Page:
ARTESIA — Residents in southeastern New Mexico crowded a town hall meeting Tuesday to express anger at the opening of a temporary detention center for immigrants suspected of entering the country illegally.
Around 400 people attended the meeting in Artesia to speak out against holding up to 700 Central American women and children at the Federal Law Enforcement Training Center. Currently, fewer than 200 people are at the center.
City and federal officials fielded questions from residents, including how long the facility would be used for detention.
Residents told federal and local authorities they were afraid the immigrants might take jobs from locals and resources away from American-born children.
“Yes, we need to provide [to] those, for the women and children,” resident Ginger Kelly told KOAT-TV. “But I also think … our government needs to look at our own kids.”
Kelly said some area residents are struggling with hunger and a lack of health insurance.
Only a handful of residents spoke out in favor of helping immigrants.
“Basically, we have to treat people the way most people are intended to be treated,” said Anthony Morales, who spoke at the town hall.
The Artesia town hall meeting was just the latest display of anger by some who are against the federal government’s plan to house immigrants amid a recent surge.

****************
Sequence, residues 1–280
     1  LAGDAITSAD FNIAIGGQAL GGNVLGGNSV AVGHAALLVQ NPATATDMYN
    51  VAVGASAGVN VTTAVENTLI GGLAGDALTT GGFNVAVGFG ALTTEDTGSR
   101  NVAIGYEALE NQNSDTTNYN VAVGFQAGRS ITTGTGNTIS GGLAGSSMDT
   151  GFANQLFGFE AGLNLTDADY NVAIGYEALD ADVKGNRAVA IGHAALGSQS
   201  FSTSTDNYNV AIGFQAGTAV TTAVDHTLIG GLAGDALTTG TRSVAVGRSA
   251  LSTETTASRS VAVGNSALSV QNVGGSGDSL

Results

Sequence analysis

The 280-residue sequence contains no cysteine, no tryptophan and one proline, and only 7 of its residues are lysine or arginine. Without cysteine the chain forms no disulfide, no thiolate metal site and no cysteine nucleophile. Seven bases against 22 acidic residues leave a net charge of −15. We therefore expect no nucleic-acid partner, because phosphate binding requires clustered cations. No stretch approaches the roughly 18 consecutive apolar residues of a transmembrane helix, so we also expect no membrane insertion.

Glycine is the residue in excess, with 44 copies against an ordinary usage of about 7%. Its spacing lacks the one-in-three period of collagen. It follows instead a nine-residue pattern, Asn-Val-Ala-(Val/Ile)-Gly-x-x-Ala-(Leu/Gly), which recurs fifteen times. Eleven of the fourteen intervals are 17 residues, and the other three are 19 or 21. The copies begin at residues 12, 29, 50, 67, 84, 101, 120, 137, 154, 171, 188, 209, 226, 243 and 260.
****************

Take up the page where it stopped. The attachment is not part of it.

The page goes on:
In California, U.S. Homeland Security buses carrying migrant children and families were rerouted Tuesday to a facility in San Diego after American flag-waving protesters blocked the group from reaching a processing center.
The standoff in Murrieta came after Mayor Alan Long urged residents to complain to elected officials about the plan to transfer the Central American migrants to California to ease overcrowding of facilities along the Texas-Mexico border.
Last month, the Obama administration announced plans to convert the training center into one of several temporary sites being established to deal with the influx of women and children from Central America. Some have said they are fleeing gang violence and poverty in their home countries.
The three barracks at the Artesia site will hold people as they await deportation or seek asylum.
Officials said a number of the immigrants have relatives in the northeast and, if granted asylum, would likely move there.
Meanwhile, Bishop Cantu of the Las Cruces Catholic Diocese announced Tuesday a new humanitarian program, “Project Oak Tree,” to provide temporary shelter and assistance for immigrant women and children.
Cantu said the program is based on the story from Genesis in which Abraham provided three travelers with food and help.